1 May 1912 – WILMETTE – The dedication of the Temple: ‘Abdu’l-Bahá in America: 1912-2021: Corinne True with ‘Abdu’l-Bahá at Temple Site Dedication, Bahaipedia: Corinne True, and Honnold, Annamarie, Vignettes from the Life of ‘Abdu’l-Bahá, p. 42
5 May 1912 – CHICAGO – ‘Abdu’l-Bahá Speaking at Plymouth Congregational Church: Mahmúd-i-Zarqání, Mírzá. Mahmúd’s Diary Chronicling ʻAbdu’l-Bahá’s Journey to America
14 May 1912 – NEW PALTZ – Lake Mohonk Conference on International Arbitration: Mahmúd-i-Zarqání, Mírzá. Mahmúd’s Diary Chronicling ʻAbdu’l-Bahá’s Journey to America
18 June 1912 – BROOKLYN – The filming of ‘Abdu’l-Bahá: A beautiful story of perspective: Lacroix-Hopson, Eliane. ‘Abdu’l-Bahá in New York: The City of the Covenant and Star of the West, Volume III, Number 10 (September 8, 1912), pages 209-210.
19 June 1912 – NEW YORK – ‘Abdu’l-Bahá names New York, the City of the Covenant and proclaims His station as Center of the Covenant: Balyuzi, H.M. ‘Abdu’l-Bahá: The Centre of the Covenant of Bahá’u’lláh page 220, Thompson, Juliet and Marzieh Gail. The Diary of Juliet Thompson and Lacroix-Hopson, Eliane. ‘Abdu’l-Bahá in New York: The City of the Covenant
29 June 1912 – WEST ENGLEWOOD (TEANECK) – The Unity Feast: Star of the West, Volume III, Number 8, pages 16-18, Mahmúd-i-Zarqání, Mírzá. Mahmúd’s Diary Chronicling ʻAbdu’l-Bahá’s Journey to America
and Thompson, Juliet and Marzieh Gail. The Diary of Juliet Thompson
16 – 23 August 1912 – ELIOT – ‘Abdu’l-Bahá in Green Acre: Mahmúd-i-Zarqání, Mírzá. Mahmúd’s Diary Chronicling ʻAbdu’l-Bahá’s Journey to America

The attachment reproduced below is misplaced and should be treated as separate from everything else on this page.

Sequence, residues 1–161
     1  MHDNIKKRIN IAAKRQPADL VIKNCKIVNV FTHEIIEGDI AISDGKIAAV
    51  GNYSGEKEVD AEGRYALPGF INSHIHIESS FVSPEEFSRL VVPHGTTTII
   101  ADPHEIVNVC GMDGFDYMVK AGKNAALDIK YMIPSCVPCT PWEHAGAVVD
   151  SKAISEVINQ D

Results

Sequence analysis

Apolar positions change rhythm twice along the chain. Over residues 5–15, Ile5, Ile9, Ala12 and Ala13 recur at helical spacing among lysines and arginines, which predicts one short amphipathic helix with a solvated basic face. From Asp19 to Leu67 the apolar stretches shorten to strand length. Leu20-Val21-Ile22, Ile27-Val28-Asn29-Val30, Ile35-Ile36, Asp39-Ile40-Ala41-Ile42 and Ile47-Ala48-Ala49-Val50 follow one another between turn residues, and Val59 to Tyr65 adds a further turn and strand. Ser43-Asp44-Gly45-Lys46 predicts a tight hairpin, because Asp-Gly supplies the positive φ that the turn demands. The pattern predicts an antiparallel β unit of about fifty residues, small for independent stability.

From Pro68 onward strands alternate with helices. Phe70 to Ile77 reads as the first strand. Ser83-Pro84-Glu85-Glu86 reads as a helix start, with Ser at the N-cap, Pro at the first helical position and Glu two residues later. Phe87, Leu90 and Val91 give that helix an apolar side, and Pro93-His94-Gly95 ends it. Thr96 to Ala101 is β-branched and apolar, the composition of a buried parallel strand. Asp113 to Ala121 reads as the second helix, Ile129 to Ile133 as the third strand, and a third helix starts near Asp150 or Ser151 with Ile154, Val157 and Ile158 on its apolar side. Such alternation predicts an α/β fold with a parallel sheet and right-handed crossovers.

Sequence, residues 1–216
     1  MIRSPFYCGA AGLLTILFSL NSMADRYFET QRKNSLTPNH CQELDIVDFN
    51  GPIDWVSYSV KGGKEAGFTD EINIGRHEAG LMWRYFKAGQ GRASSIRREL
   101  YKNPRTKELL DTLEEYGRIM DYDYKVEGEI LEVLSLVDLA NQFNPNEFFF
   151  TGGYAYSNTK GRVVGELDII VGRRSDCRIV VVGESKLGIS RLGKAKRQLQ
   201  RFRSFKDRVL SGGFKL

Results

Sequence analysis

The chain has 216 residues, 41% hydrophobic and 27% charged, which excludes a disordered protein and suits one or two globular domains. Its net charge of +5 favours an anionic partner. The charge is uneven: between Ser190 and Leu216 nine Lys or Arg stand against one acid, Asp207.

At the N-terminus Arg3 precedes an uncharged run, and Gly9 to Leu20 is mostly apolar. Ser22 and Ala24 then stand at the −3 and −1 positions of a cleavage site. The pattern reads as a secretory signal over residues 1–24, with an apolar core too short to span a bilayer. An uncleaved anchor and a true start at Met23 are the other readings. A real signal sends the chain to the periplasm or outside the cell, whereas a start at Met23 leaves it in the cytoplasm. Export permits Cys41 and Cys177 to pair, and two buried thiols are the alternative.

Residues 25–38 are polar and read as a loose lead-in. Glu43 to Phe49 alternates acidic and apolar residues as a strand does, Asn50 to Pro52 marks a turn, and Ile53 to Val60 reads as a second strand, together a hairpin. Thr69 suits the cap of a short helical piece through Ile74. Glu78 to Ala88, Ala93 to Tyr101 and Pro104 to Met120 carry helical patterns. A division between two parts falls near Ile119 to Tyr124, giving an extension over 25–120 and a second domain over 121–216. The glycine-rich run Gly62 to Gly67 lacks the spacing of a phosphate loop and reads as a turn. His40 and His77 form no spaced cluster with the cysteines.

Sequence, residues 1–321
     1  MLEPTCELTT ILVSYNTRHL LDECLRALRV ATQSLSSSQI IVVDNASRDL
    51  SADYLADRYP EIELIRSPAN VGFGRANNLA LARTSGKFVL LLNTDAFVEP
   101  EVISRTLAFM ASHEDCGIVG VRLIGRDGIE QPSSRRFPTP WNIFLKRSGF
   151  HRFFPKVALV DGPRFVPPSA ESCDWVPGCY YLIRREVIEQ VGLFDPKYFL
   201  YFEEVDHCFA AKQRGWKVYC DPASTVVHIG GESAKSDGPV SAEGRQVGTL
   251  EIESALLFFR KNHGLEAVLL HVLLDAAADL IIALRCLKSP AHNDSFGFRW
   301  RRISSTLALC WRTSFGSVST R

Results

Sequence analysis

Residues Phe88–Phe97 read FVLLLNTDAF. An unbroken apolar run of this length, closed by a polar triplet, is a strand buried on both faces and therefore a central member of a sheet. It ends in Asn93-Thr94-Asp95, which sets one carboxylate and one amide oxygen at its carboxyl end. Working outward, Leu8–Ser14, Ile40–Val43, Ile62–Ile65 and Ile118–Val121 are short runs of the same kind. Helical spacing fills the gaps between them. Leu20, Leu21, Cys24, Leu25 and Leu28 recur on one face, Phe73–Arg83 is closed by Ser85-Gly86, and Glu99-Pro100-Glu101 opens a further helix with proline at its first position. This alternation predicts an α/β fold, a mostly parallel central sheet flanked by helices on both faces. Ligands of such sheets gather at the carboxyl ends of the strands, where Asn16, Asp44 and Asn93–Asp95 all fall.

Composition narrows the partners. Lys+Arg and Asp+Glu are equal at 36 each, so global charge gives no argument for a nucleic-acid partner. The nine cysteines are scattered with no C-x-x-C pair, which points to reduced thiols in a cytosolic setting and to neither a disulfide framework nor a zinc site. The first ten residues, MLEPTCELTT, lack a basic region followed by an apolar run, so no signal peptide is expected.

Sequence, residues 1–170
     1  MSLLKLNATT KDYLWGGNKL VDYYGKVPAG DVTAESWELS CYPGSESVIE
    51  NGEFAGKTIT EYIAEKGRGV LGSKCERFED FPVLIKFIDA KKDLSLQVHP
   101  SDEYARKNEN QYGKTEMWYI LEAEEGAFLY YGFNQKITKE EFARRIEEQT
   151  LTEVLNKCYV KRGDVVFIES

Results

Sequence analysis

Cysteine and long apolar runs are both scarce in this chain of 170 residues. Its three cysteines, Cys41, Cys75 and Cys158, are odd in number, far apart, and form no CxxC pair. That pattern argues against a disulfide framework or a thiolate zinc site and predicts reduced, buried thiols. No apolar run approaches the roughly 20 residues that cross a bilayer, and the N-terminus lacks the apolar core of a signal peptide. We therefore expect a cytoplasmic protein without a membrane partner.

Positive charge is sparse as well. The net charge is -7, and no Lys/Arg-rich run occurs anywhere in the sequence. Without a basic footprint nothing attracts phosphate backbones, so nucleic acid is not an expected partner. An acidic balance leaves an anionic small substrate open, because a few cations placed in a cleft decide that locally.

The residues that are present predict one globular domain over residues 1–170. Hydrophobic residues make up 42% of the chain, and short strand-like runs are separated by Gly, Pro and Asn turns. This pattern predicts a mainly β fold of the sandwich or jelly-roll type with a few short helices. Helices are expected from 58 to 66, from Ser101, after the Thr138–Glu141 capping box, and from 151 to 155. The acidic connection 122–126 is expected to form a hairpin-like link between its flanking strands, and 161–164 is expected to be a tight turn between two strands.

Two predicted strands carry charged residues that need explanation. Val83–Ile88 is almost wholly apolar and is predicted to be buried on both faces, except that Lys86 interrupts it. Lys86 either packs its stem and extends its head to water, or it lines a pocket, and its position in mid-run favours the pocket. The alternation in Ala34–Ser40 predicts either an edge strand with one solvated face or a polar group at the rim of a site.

20 August 1912 – ELIOT – Fred Mortensen and ‘Abdu’l-Bahá: Penoyer, Justin. Fred Mortensen and Wikipedia: Freighthopping, Mahmúd-i-Zarqání, Mírzá. Mahmúd’s Diary Chronicling ʻAbdu’l-Bahá’s Journey to America, Mortensen, Fred: “When a Soul Meets the Master” Star of the West, Volume XIV, number 12 (March 1924), pages 365-367

Canada 1912

1548 Pine Ave, Montreal: The only Bahá’í Shrine in America: Slideshare: ‘Abdu’l-Bahá in Canada, ‘Slideserve: Abdu’l-Bahá’s Journey to Canada, Baha’i Stories: Mahmúd-i-Zarqání, Mírzá. Mahmúd’s Diary Chronicling ʻAbdu’l-Bahá’s Journey to America, Montreal Bahá’í Community: ‘Abdul-Bahá’s visit; Bahá’ís of Canada: Visit of ‘Abdu’l-Bahá to Canada;
‘Abdu’l-Bahá’s stay in Montreal: Jack McLean, Abdu’l-Baha in Montreal, Mahmúd-i-Zarqání, Mírzá. Mahmúd’s Diary Chronicling ʻAbdu’l-Bahá’s Journey to America, Redman, Earl. ‘Abdu’l-Baha in Their Midst, Kindle Edition, Bahá’ís of Canada: Visit of ‘Abdu’l-Bahá to Canada
East and West: ‘Abdu’l-Bahá and the Maxwells: The story of how Abdu’l-Bahá blessed May and Sutherland Maxwell with a child – Mary (Ruhiyyih Khanum), Redman, Earl. Visiting ‘Abdu’l-Baha Vol 2: Volume 2: The Final Years, 1913–1921, Nakhjavani, Violette. The Maxwells of Montreal: Early Years 1870–1922; Bahá’ís of Canada: Canadian Origins: May Maxwell (1870–1940); Shoghi Effendi: This Decisive Hour